You never know what’s going to happen in a year.
For a variety of personal reasons, I had to put the blog in hibernation. I did pop about on the Web here and there and at SFFWorld, but the blog had to lay sleeping, like Princess Aurora. No prince needed for revival, however, just a new year, new goals, same as the rest of the world on this warming ball of ours. But it is something of a new chapter for me in life stuff, so I’ll have to see what I do with it.
One of those things on this blog will be the Women in Action feature — a look at how women actors fared in the big action movies and blockbusters as power players in the past year and what looks to be happening for them in this year ahead. I’ve been doing them annually since 2012, and I always find it an interesting picture of the business, so that will be out this month.
Other than that, you never know what I will do. The suspense is ever present. So check in now and then after I clean up the confetti around here. And have a very good sun journey in 2019.
“We really need to deal with climate change issues before there are no workable ways to solve some of the enormous problems from it that are already under way.”
“What are we going to do about rogue killer robots?”
“We don’t have any actual rogue killer robots. But we do have melting icecaps, rising seas, massive amounts of drought and environmental refugees.”
“Should we treat rogue killer robots as a kind of human legally and prosecute them for their crimes?”
“Right now we’re trying to figure out how to sustain and adjust our food sources in higher temperatures, acidified oceans and loss of key pollinators to pesticides.”
“Some of the rogue killer robots will look just like humans! How will we tell them apart?”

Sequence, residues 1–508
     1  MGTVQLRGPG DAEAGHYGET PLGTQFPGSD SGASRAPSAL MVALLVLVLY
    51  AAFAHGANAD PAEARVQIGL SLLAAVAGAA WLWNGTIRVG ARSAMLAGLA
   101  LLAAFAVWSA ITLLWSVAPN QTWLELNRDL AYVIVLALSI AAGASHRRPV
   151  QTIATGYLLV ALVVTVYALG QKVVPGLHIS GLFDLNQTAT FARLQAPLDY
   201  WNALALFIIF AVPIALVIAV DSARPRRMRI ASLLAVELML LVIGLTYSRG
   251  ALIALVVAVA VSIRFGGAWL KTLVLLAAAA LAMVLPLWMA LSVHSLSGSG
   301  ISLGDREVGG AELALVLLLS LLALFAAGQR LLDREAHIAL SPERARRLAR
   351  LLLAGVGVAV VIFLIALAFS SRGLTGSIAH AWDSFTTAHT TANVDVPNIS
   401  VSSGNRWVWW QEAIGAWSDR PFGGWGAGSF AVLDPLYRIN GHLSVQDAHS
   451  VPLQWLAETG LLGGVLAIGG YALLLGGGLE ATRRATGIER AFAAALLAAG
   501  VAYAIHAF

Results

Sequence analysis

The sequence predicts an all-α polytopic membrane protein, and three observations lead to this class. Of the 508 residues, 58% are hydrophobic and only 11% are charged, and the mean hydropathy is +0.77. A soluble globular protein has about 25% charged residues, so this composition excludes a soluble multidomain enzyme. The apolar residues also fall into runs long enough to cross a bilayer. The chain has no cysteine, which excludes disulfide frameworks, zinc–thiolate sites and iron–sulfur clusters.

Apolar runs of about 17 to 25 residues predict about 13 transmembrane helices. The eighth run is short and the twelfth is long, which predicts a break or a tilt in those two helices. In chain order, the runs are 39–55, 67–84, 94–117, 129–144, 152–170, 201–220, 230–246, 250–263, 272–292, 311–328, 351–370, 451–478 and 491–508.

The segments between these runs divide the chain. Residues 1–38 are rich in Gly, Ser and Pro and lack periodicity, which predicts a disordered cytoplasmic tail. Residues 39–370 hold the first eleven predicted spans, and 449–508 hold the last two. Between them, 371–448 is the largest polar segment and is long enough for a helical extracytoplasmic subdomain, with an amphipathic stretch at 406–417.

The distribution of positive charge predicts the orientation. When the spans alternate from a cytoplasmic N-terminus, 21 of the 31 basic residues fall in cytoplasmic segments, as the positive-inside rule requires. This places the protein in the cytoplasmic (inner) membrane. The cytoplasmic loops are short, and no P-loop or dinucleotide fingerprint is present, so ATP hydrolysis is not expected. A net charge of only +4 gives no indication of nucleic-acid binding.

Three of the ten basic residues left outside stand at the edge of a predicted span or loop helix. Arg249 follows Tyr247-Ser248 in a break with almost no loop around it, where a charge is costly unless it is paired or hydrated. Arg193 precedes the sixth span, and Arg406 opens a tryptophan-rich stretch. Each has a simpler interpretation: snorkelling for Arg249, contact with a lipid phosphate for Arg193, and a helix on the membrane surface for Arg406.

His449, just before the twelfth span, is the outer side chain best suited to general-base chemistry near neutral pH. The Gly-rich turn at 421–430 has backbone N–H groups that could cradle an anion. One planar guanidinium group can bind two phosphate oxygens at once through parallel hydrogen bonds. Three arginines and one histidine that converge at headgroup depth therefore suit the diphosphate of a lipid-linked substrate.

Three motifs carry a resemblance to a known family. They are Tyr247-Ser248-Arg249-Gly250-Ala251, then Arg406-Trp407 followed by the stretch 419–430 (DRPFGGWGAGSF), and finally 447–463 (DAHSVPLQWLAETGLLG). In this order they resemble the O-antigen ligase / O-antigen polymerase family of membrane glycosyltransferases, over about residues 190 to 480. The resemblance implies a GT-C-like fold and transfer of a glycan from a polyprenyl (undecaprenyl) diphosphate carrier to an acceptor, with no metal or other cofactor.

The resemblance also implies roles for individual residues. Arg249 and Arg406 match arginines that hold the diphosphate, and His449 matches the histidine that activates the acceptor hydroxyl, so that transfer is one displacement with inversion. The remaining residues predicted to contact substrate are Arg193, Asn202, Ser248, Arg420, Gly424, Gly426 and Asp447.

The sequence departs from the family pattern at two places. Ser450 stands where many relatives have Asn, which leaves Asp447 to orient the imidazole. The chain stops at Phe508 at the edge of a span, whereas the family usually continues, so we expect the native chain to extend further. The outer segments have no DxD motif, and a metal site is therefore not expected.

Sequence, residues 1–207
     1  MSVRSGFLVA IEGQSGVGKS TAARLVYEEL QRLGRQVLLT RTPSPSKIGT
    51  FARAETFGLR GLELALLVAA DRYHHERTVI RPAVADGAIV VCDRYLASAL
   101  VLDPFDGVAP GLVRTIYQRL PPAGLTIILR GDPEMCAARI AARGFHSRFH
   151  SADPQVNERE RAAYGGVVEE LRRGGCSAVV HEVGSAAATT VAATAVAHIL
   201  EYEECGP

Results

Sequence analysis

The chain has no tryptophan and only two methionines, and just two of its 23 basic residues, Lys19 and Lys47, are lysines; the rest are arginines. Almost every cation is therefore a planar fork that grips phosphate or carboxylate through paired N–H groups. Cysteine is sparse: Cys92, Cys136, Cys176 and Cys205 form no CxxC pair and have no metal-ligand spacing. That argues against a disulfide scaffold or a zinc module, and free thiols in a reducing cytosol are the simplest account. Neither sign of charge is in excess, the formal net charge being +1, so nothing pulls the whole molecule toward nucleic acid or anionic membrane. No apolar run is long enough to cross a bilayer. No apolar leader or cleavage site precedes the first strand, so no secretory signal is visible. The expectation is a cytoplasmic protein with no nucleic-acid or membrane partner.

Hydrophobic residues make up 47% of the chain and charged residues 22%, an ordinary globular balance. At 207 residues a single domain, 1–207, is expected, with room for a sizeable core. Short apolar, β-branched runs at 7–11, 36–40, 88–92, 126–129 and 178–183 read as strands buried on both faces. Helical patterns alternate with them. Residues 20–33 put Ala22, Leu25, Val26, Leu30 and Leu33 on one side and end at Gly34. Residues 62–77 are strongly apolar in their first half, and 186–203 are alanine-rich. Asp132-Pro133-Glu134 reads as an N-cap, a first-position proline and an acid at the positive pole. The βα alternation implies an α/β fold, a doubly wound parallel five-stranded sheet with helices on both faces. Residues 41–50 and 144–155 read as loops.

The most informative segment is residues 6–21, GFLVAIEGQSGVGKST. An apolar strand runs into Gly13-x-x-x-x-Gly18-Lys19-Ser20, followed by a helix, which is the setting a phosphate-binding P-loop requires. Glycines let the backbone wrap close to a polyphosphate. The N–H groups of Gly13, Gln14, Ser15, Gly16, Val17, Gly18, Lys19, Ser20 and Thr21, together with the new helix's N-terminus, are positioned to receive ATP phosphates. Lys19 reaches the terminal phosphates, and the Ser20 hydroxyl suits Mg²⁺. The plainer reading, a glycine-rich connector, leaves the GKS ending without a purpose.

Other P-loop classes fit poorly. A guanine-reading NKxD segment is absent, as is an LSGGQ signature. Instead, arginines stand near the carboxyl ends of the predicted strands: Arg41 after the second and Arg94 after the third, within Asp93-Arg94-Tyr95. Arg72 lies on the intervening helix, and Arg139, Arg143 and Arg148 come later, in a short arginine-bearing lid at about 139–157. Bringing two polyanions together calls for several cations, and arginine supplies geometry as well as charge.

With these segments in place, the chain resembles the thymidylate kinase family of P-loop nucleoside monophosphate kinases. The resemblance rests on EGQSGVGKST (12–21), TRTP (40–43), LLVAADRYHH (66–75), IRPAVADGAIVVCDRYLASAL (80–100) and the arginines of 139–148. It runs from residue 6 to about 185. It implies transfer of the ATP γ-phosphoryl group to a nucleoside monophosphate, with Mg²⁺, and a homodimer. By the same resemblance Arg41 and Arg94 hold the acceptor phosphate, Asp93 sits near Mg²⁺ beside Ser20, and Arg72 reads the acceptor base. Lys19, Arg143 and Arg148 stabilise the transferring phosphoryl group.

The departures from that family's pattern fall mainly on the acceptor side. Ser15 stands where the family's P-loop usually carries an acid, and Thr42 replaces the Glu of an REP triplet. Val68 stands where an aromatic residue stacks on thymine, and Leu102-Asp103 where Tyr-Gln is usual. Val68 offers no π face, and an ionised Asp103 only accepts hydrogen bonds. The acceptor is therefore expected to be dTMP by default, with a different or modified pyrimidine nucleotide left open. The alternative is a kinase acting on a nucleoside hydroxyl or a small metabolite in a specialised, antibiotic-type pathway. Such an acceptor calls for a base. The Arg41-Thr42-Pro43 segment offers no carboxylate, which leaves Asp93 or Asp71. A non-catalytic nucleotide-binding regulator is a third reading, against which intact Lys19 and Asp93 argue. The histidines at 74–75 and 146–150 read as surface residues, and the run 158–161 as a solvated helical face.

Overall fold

“We’ll be the ones who are dead from global warming.”
“Rogue killer robots are shiny!”
So, I completely misunderstood what a post on someone else’s blog was doing, and did a quick summary of the wholesale market collapse in book publishing in the 1990’s, which is what I thought on passing glance that the post was talking about. Since I am having life stuff and not being very efficient about getting my own blog posts together lately, I figured I might as well repeat it here as possible interest. 🙂 So here it is, a bit cleaned up and adjusted:
In the early 1990’s, there was a big recession in the U.S. and various forms of economic distress elsewhere, (plus the Gulf War in the U.S. messed things up for a few critical months.) It was the first of the big recessions, which occur at the end/beginning of each decade (we’re due for a new one in the next few years.) In the wake of that recession, which hit retail hard in a number of countries including the U.S. and the U.K., non-bookstore vendors for books, magazines and newspapers such as grocery stores, drug stores, department stores, newsstands, music stores, etc. made some changes. They cut drastically the number of items they sold, first off — fewer books (they sold mainly paperbacks.) And they also reduced drastically the number of wholesale vendors supplying them that they ordered from. As Tom Doherty of Tor told me, in the U.S., the wholesale suppliers for books and sundries went from about 600 different companies to 6 large ones within a few years. This devastated most of the magazine market as well and led to the beginning of the end, etc.
Mass market paperbacks are not big moneymakers for publishers because they don’t make enough profit with shipping and printing costs and the price discounts on top of the list price. When unsold mass market paperbacks are being returned, vendors rip off the front covers to return them to the publishers for credit and pulp the rest of the books because that’s cheaper than trying to ship them back for the full refund from the publishers, who pay the shipping costs for returns. So unlike hardcover and trade paperback returns, which are returned as full books, returned mm paperbacks can’t be returned to inventory and resold. What makes mm paperbacks useful is that they can be sold in bulk in wide distribution through the wholesale market, which makes up for the costs. When the wholesale, non-bookstore market radically shrunk in terms of distributors and buys from vendors, it was an enormous loss, especially for sectors of the market that do well in mm paperback, such as genre fiction and self-help. The entire fiction market went into a slump from which many sectors still haven’t fully recovered. (Fantasy was spared more than most because it had a bunch of big books doing well in hardcover in bookstores during the time period and was in the middle of an expansion.)